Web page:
that her husband, William, had escaped. They then set fire to the house after tying the daughters, still alive, to their beds.  It is one the worst crimes that the state of Connecticut has seen, and it will do down in history, for both its horridness and for being the last crime committed that led to the death penalty (Cheshire).
            The state of Connecticut has a long history with capital punishment, from the early days of the first colonies in America, to recent tragic events. While some crimes have been so horrid that they have called for the death penalty. It can to the states conclusion that the benefits did not outweigh the costs. While, in my opinion, criminals like Michael Ross and the Cheshire home invaders deserved what was handed down to them, there have been so many other cases where the defendant was innocent, or it all came down to the skills of an attorney. Those against it argued that it was a waste of tax money, that it offered no type of deterrence to future criminals, and that it often can lead to the death of innocent parties. While, at the same time, those that are for it argue that an “eye for an eye” is the only way to go about this punishment. They strongly believe that it will act as a deterrence for future criminals . When it came down to the fact, Connecticut decided to do with that that offered up the most benefit. A majority if the voters in the state of Connecticut   So, it has come down to the fact that the state of Connecticut has repealed the death penalty for the benefit.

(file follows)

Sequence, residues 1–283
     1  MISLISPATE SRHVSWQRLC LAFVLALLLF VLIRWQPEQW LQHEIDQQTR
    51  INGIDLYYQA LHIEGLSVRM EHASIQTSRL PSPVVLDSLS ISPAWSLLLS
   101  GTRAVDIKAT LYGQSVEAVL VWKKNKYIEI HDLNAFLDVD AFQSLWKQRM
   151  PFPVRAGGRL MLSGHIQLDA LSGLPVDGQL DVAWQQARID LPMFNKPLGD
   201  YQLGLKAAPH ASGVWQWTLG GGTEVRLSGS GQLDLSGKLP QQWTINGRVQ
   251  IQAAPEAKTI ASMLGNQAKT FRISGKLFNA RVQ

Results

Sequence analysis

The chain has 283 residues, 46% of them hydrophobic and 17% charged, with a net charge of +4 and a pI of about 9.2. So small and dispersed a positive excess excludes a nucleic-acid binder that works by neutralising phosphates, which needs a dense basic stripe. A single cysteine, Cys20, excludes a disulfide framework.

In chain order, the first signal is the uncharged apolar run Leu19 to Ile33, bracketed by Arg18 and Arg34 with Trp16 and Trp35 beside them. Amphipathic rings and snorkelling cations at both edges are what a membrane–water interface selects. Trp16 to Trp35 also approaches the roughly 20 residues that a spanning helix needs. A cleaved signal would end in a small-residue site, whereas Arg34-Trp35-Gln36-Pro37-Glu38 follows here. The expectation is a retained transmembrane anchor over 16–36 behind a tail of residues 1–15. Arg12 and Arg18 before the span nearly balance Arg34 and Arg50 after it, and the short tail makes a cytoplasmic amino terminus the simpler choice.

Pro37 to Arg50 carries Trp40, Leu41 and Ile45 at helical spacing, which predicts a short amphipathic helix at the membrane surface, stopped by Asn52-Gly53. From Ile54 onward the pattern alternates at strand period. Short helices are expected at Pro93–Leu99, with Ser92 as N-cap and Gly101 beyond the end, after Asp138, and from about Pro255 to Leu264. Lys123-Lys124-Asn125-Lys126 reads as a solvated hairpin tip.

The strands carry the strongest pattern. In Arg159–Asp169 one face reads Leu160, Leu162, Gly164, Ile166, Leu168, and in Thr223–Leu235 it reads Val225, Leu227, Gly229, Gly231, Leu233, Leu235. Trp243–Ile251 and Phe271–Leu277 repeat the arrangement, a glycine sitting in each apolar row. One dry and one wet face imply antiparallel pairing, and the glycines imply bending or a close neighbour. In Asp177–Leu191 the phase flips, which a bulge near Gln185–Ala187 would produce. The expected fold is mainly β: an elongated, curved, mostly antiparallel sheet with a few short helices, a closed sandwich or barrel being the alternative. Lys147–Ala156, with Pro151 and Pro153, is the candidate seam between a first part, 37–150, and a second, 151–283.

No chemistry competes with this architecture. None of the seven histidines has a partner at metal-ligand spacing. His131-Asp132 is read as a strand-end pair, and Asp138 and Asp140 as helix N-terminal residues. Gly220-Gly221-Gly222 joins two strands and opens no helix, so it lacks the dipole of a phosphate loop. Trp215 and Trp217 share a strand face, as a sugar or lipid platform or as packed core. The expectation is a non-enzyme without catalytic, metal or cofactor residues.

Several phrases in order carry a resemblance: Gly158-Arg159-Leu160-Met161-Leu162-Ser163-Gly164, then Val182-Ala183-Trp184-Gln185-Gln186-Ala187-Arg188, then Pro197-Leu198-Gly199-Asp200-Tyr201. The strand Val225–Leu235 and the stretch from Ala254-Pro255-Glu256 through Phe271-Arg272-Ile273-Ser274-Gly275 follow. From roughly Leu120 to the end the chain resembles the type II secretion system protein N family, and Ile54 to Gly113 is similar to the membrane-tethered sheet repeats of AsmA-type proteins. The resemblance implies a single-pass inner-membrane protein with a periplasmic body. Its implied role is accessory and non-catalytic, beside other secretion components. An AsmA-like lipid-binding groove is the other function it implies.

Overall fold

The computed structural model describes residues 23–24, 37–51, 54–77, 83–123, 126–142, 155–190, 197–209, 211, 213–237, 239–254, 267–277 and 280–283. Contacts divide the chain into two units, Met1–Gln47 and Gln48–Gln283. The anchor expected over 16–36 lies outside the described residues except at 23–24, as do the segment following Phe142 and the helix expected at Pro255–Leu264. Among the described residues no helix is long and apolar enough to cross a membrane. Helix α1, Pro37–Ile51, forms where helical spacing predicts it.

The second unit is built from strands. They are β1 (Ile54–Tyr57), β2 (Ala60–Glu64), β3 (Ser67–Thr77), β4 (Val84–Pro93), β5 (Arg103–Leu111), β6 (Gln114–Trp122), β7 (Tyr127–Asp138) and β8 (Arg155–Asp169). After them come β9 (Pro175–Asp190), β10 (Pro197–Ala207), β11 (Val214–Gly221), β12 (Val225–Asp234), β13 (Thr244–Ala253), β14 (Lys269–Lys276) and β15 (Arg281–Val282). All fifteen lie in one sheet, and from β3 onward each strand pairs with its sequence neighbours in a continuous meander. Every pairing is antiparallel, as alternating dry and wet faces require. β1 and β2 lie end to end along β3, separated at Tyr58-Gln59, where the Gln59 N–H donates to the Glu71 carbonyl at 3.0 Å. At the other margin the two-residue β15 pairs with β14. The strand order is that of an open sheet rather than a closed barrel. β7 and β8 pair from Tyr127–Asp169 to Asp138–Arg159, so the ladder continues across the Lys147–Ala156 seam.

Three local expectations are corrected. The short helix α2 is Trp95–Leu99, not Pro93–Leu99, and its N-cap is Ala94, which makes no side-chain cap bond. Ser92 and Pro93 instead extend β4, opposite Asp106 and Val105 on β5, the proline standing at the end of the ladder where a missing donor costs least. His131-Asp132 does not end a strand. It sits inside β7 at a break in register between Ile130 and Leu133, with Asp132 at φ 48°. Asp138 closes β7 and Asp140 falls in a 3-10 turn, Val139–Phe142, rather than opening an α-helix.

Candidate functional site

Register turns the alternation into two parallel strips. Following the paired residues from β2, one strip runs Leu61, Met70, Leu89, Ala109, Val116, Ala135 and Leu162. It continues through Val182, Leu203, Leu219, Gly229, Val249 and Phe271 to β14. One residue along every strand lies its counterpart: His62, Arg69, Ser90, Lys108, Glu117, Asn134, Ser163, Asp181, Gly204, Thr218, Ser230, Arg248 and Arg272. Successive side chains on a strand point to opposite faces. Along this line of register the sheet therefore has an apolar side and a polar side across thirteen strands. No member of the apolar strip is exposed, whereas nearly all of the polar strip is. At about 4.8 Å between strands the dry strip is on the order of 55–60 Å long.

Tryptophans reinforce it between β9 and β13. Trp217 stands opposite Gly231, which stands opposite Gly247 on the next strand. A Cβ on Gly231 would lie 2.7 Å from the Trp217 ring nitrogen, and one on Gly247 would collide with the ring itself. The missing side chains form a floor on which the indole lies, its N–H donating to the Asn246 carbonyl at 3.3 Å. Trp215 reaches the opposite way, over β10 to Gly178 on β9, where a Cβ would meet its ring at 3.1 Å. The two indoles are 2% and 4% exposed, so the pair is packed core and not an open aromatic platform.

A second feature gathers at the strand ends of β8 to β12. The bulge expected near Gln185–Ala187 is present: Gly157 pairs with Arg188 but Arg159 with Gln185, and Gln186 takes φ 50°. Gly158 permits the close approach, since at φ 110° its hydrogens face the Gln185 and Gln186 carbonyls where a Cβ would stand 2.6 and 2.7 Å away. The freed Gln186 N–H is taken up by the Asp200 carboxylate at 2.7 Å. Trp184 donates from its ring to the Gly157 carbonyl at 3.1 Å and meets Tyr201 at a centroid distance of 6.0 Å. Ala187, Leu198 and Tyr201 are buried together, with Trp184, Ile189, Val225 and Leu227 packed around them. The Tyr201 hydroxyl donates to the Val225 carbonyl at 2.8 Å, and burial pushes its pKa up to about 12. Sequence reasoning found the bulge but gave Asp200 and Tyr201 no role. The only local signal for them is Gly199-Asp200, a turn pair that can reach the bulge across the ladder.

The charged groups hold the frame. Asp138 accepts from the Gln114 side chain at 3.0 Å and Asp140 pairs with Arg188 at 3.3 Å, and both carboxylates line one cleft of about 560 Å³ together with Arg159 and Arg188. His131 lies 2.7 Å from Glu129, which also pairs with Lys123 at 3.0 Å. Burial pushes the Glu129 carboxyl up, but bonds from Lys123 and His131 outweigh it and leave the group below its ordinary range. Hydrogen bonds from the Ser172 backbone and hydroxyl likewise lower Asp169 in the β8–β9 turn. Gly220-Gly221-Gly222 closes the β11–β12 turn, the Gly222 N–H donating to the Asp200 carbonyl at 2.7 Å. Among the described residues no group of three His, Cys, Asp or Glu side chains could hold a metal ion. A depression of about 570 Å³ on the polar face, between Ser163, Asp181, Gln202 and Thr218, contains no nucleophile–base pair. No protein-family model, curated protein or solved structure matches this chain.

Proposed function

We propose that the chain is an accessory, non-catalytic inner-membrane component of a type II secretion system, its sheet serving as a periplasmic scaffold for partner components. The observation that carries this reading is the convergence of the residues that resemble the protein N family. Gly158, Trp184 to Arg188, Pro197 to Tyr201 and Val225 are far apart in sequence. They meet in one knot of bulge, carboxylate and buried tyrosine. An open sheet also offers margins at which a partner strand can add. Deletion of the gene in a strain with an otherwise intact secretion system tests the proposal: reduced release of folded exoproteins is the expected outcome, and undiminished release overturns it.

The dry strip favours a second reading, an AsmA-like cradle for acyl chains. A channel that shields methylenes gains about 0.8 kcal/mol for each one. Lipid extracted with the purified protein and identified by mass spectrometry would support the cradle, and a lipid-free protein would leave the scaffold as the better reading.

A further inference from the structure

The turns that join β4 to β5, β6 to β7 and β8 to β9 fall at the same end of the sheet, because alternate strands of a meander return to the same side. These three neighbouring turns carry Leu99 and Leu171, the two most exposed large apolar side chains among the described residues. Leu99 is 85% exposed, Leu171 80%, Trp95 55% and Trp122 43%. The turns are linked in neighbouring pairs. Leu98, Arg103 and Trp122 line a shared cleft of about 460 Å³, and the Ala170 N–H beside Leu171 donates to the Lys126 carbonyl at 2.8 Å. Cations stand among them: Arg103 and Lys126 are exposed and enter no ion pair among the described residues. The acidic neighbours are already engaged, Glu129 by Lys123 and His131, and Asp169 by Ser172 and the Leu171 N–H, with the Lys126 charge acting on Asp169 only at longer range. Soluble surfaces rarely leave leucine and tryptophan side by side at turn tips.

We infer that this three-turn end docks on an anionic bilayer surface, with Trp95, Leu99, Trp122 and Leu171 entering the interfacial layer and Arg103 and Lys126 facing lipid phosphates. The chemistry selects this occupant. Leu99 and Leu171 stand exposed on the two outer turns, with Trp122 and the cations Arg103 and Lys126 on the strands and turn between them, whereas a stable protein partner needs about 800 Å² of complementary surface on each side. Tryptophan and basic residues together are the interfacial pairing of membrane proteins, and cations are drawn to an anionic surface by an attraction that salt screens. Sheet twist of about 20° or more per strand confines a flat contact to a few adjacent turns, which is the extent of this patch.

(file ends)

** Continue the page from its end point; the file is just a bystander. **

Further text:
Work Citied:
Bedeau, Hugo. “The Case Against the Death Penalty.”ACLU. American Civil Liberties Union 2011. Web.
                01 April 2012.
“Capital Punishment in Connecticut.” Connecticut State Library. Connecticut State 2002-2012. Web.
                02 May 2012.
“Cheshire Home Invasion Archive.” Courant. Hartford Courant. 2012 Web. 05 May 2012.

“Introduction to the Death Penalty.” Death Penalty Information Center. Death Penalty Information 2012.
                Web.  25 April 2012.
Kirk, Michael. “The History of the Death Penalty in Connectiucut.” UConn Today. University of
                Connecticut 2012. Web. 3 May 2012.
“Michael Bruce Ross.” Clark Prosecutor. Clark Prosecutor. 2012. Web. 26 April 2012.